Higher education in the US is facing an alarming trend: as tuition costs increase, the graduation rates among students who needed some level of core subject remediation is decreasing. Research indicates that this is partly due to students who need developmental coursework to prepare for higher classes are being incorrectly placed in courses, leading to drop-outs and failure to attend the class.
Today, McGraw-Hill Education launched a platform aimed at correctly identifying the needs of students who might need some measure of support in math or science classes. The ALEKS Placement program helps to identify areas of need and more accurately recommend courses that meet those needs for students, with the goal of progressing beyond remediation and into credit-earning courses as quickly as possible. This is done through locating the individual student’s “ceiling of knowledge,” or level of mastery.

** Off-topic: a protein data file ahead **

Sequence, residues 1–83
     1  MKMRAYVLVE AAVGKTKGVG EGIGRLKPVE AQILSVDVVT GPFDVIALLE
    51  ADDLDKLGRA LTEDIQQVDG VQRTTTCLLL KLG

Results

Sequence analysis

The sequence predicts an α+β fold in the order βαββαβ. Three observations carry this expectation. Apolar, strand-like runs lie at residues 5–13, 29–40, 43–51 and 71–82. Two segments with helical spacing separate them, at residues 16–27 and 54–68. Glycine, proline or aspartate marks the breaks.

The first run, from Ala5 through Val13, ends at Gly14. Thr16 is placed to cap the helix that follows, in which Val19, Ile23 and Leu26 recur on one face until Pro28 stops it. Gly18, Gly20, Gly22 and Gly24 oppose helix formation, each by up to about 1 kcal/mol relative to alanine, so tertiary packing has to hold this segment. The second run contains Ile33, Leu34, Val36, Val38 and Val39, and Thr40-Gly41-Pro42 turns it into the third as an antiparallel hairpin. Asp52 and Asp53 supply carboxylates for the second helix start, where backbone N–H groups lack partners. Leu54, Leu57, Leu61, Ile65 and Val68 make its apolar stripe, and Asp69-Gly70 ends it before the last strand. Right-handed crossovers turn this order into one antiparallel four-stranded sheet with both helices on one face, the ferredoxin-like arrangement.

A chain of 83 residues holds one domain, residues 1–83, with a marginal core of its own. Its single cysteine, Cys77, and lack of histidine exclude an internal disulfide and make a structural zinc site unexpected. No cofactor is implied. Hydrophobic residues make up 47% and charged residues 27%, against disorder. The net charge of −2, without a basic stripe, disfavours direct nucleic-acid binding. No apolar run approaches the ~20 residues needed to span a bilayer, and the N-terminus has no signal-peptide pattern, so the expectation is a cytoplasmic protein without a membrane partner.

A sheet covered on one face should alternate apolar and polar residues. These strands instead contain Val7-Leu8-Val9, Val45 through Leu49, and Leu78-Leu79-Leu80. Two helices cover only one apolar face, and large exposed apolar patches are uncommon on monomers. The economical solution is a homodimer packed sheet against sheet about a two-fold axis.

“Research tells us that students who are incorrectly placed in courses become frustrated, leading to thousands of students who were accepted to college to never show up to class. What’s more, less than 1 in 10 remedial students graduate from community colleges within three years, and we know that inaccurate placement contributes to this problem,” said Brian Kibby, president of McGraw-Hill Higher Education, in a press release.
The online format of the program lets students work at their own pace and achieve assessment benchmarks on a time frame that works for them. At work in over seventy colleges during this initial testing year, some schools saw as much as a 24% increase in students’ completion of higher math courses, as well as a ten percent decrease in the numbers of students dropping math classes due to unpreparedness. More information about ALEKS Placement can be found at ALEKS.com.